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dc.contributor.authorSunaseweenonta, Vorajiten
dc.date.accessioned2009-12-06T21:27:24Z
dc.date.issued2004en
dc.identifier.urihttps://hdl.handle.net/10182/1320
dc.description.abstractThe Social Investment Fund (SIF) programme was funded by the World Bank in response to the Thai government’s attempt to alleviate poverty for people, who were affected socially and economically by the economic crisis in Thailand in mid-1997 (SOFO, n.d.; World Bank, 2001). The programme planned to use a participatory approach to increase their well-being by promoting long-term self-reliance and empowerment. People’s livelihoods are complex, diverse, and can be influenced by multiple-factors such as social structure, policies, processes, seasonality, and access and control of life sustaining capital. To successfully improve people’s livelihoods and alleviate poverty, their multiple needs have to be satisfied. The research used semi-structured interviews and focus groups to obtain research results. The research was conducted with three communities in Southern Thailand: Naa Moon Sri, Naa Kao Sia, and Baan Tae Rum to evaluate whether the SIF programme improved the livelihoods of the people in the communities and whether the people achieved the same level of assistance and support from the SIF that could lead to success of their sub-projects. Research findings and lessons learnt could be useful for future development. Major findings were that the evaluation of success is not straightforward, as different authorities defined success differently and because the sub-projects in the communities were at different stages of development. The level of the SIF’s support also affected success of the sub-projects. The SIF focused more on facilitating networks between communities and outside organisations and did not facilitate participation among people within the communities. Thus, it operated more effectively when a sub-project was established upon existing communal groups. For sub-projects, those that learn to cope with their vulnerability better can become more successful. The communities’ projects can be more successful and sustainable if their project members can equally participate throughout the overall process of their project’s development. Communication, trust, and networking among the community members themselves and between the communities and development organisations can also reduce their vulnerability and lead to success and sustainability of their projects.en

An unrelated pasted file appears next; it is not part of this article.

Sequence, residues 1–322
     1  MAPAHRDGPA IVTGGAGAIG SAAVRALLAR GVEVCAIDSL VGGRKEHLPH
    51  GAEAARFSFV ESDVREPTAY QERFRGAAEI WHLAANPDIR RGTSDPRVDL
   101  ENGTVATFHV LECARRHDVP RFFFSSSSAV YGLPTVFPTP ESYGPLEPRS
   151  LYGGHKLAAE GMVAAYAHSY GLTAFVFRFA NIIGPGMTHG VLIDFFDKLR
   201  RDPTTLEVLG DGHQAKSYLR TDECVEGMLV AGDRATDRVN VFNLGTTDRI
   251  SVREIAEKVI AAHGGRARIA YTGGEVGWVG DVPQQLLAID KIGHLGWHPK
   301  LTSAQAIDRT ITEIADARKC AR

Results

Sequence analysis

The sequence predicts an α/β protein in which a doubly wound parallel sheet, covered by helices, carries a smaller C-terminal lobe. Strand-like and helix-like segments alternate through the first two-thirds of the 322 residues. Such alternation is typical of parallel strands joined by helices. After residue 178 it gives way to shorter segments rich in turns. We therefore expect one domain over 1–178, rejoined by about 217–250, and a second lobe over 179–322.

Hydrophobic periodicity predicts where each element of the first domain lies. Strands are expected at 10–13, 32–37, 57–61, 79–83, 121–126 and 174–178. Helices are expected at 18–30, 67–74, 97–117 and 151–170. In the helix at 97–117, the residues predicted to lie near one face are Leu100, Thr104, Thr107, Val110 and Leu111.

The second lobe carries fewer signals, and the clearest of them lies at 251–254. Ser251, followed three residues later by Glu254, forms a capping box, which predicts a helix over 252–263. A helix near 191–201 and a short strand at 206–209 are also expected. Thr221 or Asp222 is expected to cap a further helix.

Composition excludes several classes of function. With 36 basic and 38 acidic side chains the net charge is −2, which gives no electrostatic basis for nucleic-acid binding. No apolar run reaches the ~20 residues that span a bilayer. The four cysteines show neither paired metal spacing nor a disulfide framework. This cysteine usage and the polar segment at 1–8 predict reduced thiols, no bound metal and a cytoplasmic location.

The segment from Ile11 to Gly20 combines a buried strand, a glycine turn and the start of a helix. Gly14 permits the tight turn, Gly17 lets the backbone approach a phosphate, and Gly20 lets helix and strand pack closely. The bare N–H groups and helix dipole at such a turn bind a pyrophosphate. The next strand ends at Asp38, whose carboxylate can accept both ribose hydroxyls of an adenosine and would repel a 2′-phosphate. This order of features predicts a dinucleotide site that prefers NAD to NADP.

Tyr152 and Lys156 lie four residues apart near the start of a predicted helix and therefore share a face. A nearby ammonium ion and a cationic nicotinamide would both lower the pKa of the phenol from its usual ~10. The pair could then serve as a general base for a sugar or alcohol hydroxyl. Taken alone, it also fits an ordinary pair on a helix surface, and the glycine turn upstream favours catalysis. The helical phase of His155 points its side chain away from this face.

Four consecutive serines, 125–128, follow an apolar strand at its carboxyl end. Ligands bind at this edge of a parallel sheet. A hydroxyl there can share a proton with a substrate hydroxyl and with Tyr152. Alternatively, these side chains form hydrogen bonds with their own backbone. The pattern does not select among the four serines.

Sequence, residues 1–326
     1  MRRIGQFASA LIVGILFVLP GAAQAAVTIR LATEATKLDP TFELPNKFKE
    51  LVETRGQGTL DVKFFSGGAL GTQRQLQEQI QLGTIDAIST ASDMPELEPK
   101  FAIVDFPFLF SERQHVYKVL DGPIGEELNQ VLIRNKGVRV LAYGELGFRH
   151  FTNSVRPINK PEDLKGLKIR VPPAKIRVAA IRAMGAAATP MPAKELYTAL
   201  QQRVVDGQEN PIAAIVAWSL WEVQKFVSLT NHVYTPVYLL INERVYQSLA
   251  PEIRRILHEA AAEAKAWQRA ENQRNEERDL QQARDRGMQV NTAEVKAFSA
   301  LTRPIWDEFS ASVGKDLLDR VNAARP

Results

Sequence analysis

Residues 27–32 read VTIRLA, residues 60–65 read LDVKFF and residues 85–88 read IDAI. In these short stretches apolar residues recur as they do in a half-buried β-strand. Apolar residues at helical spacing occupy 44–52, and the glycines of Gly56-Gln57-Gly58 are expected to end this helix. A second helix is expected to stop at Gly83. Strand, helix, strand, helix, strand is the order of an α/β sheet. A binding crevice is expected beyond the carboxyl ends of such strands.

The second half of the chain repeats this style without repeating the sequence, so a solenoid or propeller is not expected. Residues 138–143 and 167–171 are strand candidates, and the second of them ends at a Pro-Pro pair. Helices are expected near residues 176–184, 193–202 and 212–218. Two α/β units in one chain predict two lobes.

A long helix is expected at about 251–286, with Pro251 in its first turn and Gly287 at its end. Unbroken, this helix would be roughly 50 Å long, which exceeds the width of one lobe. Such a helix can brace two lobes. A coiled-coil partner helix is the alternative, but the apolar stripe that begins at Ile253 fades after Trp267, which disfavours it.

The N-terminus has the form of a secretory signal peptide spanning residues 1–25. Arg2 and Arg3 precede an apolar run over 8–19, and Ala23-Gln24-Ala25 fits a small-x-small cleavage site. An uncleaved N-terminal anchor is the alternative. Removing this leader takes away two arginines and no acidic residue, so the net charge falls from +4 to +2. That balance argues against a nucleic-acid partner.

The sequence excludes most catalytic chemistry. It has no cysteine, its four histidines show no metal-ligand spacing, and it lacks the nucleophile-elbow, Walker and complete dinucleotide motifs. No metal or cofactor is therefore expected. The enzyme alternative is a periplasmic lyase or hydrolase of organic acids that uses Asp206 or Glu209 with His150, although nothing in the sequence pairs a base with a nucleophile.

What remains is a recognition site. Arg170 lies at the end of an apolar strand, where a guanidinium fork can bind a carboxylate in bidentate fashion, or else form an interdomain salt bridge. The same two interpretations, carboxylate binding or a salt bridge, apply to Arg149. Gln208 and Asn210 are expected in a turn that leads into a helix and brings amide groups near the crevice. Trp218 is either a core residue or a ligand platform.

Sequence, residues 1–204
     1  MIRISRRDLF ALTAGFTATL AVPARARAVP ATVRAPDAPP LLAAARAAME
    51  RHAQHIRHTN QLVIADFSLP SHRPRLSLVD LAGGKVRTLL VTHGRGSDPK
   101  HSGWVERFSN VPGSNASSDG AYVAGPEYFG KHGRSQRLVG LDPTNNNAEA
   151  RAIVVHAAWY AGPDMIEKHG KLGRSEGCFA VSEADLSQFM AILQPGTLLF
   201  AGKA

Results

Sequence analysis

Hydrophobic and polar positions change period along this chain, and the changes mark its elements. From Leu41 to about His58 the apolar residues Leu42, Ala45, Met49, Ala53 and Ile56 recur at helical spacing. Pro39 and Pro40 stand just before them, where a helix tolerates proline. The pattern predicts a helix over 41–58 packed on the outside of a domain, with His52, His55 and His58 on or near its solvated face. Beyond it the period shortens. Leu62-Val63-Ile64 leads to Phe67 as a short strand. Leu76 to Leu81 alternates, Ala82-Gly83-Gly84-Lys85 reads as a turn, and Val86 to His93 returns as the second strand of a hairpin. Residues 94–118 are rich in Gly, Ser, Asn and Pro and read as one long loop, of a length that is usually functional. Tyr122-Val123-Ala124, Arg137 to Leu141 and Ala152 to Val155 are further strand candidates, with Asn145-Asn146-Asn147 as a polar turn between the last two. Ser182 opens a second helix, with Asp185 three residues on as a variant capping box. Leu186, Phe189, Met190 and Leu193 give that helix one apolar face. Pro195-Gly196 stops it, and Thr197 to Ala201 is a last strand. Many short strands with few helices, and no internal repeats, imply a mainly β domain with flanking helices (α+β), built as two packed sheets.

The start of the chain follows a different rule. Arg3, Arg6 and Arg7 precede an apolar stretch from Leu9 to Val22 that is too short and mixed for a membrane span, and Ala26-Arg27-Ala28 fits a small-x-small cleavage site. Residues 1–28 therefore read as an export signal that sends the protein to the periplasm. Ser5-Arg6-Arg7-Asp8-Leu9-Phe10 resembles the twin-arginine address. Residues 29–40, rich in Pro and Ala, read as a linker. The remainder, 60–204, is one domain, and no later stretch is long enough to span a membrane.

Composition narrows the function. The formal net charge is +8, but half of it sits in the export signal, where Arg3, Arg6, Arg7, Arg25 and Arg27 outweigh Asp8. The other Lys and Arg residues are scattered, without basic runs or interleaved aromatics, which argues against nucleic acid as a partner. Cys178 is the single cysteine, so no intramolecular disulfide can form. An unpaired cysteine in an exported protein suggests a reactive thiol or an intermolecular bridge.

dc.language.isoenen
dc.publisherLincoln Universityen
dc.subjectdevelopmenten
dc.subjectsustainable livelihoodsen
dc.subjectnetworkingen
dc.subjectSocial Investment Fund (SIF)en
dc.subjectempowermenten
dc.subjectmultiple needsen
dc.subjectvulnerabilityen
dc.subjectcommunity developmenten
dc.subjectpovertyen
dc.titleSocial Investment Fund : case studies of sub-projects in southern Thailanden
dc.typeThesis
thesis.degree.grantorLincoln Universityen
thesis.degree.levelMastersen
thesis.degree.nameMaster of Applied Scienceen
dc.subject.marsdenFields of Research::370000 Studies in Human Society::370100 Sociology::370108 Rural Sociologyen
lu.contributor.unitLincoln Universityen
lu.contributor.unitApplied Management and Computingen
dc.rights.accessRightsDigital thesis can be viewed by current staff and students of Lincoln University only. Print copy available for reading in Lincoln University Library. May be available through inter-library loan.en
pubs.organisational-group/LU
pubs.organisational-group/LU/AMAC
pubs.publication-statusPublisheden


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